In an illustrative implementation, debugger causality operation places a requirement that a remoting service to notify the debugger of transitions that occur between components. In the contemplated implementation, there may be four transitions that a cooperating debugger requires for tracking causality. These transitions include but are not limited to when the call leaves the local thread; when the call enters a remote thread; when the call returns from the remote thread; and when the call returns back to the local thread. Additionally, in a particular implementation it might be required that the remoting service to allow the debugger to piggy-back information on the calls between the local and remote threads (e.g. client and server).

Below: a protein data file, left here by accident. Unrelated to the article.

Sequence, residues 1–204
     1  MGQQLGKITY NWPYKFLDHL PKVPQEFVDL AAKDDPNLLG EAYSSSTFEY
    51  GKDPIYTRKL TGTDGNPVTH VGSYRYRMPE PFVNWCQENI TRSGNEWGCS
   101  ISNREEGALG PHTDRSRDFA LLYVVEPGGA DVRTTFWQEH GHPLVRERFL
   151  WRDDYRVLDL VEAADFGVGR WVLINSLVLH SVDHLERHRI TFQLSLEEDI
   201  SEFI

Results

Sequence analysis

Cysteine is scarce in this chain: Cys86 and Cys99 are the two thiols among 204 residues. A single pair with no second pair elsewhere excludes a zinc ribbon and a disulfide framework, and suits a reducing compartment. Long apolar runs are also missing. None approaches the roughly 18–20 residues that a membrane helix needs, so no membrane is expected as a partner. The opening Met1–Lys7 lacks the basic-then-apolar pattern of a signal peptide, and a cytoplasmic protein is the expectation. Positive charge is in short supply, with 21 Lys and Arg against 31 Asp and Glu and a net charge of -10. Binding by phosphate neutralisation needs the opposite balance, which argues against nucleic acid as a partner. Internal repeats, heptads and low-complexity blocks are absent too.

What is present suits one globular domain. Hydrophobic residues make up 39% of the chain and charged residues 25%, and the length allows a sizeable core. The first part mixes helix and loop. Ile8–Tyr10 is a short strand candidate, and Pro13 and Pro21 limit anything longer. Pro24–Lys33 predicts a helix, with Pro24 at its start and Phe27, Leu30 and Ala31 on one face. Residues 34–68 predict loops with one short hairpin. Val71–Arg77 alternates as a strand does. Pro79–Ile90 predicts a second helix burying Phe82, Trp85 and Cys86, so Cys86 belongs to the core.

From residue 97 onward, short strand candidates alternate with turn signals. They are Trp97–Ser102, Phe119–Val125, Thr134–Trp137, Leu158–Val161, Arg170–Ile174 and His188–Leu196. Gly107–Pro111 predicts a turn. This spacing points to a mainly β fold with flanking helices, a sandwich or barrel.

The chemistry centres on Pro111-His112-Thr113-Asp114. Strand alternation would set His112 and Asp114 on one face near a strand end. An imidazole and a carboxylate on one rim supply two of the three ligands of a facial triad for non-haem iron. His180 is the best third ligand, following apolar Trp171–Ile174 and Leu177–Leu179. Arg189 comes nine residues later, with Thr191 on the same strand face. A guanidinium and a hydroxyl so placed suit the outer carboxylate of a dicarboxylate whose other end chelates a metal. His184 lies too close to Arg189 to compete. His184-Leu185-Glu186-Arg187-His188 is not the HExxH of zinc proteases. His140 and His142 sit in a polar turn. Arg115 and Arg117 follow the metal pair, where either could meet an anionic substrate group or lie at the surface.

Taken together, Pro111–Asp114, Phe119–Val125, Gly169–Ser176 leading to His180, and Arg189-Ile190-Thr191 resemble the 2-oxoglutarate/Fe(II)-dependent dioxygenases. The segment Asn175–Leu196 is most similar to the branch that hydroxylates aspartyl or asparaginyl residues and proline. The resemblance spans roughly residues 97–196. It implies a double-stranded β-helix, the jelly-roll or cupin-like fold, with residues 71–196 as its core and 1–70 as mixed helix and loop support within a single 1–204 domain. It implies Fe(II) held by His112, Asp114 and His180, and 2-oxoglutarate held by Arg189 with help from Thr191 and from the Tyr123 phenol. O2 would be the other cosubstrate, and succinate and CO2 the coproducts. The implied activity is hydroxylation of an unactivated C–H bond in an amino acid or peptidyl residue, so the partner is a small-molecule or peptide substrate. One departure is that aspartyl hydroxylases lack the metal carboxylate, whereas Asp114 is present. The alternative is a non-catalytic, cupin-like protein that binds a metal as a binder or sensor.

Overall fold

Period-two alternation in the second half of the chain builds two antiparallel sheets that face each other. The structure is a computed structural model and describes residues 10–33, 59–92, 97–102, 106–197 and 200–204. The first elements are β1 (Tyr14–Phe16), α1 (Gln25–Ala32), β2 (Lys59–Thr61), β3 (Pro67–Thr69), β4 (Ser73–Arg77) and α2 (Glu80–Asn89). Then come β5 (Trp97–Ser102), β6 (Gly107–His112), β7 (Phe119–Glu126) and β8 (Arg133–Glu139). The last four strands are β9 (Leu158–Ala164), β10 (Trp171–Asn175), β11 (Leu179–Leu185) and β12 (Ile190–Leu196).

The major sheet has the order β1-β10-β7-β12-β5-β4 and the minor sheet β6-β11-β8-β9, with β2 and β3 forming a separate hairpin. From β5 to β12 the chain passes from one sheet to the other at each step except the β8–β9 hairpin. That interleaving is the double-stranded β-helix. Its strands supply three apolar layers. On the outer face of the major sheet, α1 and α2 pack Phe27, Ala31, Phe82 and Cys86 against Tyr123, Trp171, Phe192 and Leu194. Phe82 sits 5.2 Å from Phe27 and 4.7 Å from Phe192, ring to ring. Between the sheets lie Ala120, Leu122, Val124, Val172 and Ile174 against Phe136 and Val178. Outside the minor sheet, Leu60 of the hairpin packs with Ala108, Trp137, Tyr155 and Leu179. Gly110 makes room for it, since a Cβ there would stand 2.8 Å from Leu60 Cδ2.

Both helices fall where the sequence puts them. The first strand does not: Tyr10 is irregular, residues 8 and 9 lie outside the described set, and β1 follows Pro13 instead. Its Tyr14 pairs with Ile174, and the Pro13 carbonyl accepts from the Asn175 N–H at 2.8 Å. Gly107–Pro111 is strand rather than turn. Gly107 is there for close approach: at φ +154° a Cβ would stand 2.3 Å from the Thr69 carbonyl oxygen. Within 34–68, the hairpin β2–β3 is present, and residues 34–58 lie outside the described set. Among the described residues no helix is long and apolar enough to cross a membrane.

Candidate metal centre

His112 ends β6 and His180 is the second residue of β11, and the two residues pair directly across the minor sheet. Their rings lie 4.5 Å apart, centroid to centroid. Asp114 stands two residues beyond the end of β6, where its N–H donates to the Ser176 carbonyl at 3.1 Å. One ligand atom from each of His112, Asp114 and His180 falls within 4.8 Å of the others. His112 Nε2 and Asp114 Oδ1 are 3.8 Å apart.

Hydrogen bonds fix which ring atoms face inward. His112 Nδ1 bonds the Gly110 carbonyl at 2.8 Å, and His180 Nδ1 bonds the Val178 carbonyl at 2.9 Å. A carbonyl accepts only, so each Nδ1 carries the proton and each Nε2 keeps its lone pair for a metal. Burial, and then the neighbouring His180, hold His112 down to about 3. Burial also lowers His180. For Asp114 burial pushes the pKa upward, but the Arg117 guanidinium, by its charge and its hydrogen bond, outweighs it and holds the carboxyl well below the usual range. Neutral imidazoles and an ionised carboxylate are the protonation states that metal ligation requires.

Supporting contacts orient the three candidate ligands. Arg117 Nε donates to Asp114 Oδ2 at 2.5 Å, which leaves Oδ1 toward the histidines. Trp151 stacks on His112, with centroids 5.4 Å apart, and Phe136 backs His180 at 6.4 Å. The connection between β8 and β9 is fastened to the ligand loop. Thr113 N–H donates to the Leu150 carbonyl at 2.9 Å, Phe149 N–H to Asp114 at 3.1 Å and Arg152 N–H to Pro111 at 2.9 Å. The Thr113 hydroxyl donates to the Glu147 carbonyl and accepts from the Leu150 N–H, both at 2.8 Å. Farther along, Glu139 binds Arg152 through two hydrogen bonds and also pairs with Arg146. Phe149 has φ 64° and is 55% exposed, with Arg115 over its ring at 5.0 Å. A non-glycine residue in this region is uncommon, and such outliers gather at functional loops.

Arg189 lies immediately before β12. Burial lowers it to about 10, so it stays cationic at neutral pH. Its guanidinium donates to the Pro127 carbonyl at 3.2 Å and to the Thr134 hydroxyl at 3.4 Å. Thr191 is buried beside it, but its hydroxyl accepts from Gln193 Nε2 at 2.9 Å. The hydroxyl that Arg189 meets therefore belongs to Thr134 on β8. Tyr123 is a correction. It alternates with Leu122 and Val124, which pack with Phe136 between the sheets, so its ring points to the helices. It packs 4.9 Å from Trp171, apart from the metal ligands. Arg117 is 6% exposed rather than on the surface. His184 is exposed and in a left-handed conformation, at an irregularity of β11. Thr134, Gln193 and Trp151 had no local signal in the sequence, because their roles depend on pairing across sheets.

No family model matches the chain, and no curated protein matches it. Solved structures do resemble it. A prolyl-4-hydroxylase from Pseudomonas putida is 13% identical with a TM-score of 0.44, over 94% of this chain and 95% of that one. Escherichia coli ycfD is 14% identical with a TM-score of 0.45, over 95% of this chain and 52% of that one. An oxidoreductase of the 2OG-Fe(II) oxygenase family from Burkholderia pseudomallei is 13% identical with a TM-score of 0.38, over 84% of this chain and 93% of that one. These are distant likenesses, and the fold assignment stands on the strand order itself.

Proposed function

The implementation of the notifications from the remoting service to the cooperating debugger occurs as follows. First, the remoting service instantiates the NotifyConnection coclass and gets an INotifyConnection2 interface. It then calls INotifyConnection2:: RegisterNotifySource to get an INotifySink2 interface where it can notify the cooperating debugger of the four transitions. When each of the transitions occur, the remoting service calls the appropriate method on INotifySink2 to notify the debugger of the transition: OnSyncCallOut, OnSyncCallEnter, OnSyncCallExit, and OnSyncCallReturn. When either OnSyncCallOut or OnSyncCallExit is called, the cooperating debugger can provide a buffer of data to be piggy-backed along with the call. When either OnSyncCallEnter or OnSyncCallReturn is called, the remoting service passes the buffer of data from the call to the debugger.

Once the cooperating debugger is notified of the four transition points between client and server, it can proceed to perform the operations of debugger causality: stepping between logically related physical threads, and displaying the logical call stack for these related threads.